The price war among the exchanges in Europe intensified yesterday as the transatlantic powerhouse NYSE Euronext slashed its fees to help repel competition from three rival markets preparing to launch this year.
NYSE Euronext announced it was to cut fees by up to 30 per cent in the fast growing market of "high-frequency" computerised trading from the start of next month. A spokeswoman for the group said: "The European landscape is changing and becoming more competitive. We have to be as attractive to as many players as possible."
This comes just days after one of the alternative trading venues claimed that European exchanges of NYSE Euronext and Deutsche Börse were in potentially worse shape than the London Stock Exchange to deal with the launch of new venues.
"NYSE Euronext is very much prepared for the increase in competition, and the management has said this fee package is only the start of the initiatives to respond," the spokeswoman added.
Electronic high-frequency trading, which uses complex algorithms to trade millions of shares in a split second, makes up between 5 and 10 per cent of NYSE Euronext's business. It is also one of the fastest-growing areas in the market, according to Roland Bellegarde, group executive vice-president of the exchange.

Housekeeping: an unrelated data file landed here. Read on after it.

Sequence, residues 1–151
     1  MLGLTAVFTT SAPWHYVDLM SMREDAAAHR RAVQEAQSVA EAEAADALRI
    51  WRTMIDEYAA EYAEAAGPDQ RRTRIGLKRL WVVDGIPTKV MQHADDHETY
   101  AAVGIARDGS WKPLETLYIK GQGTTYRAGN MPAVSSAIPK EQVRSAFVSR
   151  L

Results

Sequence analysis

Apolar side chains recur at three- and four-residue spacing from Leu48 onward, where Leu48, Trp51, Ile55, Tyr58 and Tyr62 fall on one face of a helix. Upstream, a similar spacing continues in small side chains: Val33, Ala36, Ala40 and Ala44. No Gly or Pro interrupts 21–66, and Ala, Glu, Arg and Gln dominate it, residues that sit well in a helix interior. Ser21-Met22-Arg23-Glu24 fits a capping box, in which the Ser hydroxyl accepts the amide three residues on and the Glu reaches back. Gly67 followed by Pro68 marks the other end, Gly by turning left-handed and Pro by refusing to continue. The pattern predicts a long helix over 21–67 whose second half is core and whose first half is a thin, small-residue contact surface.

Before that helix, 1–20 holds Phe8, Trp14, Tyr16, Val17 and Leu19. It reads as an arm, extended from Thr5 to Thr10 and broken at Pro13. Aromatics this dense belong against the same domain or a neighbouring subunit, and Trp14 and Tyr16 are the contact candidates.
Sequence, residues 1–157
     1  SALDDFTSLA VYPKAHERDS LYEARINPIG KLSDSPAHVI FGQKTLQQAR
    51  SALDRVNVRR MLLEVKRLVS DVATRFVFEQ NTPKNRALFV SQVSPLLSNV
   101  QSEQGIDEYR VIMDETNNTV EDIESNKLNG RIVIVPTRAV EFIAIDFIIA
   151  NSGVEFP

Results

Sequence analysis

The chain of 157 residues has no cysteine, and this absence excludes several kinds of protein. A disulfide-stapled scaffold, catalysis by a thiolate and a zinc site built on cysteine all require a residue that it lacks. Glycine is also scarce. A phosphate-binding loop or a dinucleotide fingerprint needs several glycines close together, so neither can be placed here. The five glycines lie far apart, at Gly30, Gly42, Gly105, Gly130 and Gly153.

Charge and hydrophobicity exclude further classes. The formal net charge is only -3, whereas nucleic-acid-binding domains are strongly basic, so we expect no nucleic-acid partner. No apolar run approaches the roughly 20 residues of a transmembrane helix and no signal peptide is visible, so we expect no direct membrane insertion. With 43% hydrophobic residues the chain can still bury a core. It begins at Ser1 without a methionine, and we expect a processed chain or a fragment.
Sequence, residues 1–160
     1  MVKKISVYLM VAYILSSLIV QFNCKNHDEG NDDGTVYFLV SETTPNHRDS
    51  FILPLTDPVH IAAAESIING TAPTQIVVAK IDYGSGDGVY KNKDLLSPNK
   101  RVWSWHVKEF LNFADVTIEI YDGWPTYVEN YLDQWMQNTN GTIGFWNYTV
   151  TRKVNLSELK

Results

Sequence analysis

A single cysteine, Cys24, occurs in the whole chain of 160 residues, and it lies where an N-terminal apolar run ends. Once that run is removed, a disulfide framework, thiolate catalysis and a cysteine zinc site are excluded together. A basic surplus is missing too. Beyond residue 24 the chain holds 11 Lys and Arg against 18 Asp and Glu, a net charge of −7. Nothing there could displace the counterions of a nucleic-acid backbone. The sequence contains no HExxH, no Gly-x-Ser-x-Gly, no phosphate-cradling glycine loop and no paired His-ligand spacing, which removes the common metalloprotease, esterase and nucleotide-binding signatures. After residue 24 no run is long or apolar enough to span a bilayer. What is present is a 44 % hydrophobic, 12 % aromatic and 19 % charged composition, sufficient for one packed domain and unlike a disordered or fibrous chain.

The incumbent exchanges face competition for this lucrative business from alternative venues set to go live later this year. The newer platforms have based their sales pitch on being cheaper and using quicker technologies than their existing rivals.
Earlier this week the chief executive of Turquoise, backed by nine investment banks, announced it would start trading officially on 5 September.
The same month BATS Trading and Nasdaq OMX will also launch alternative venues in Europe. Another rival, Chi-X, was set up last year and has made strong in roads in trading volumes across the Europe.Reuse content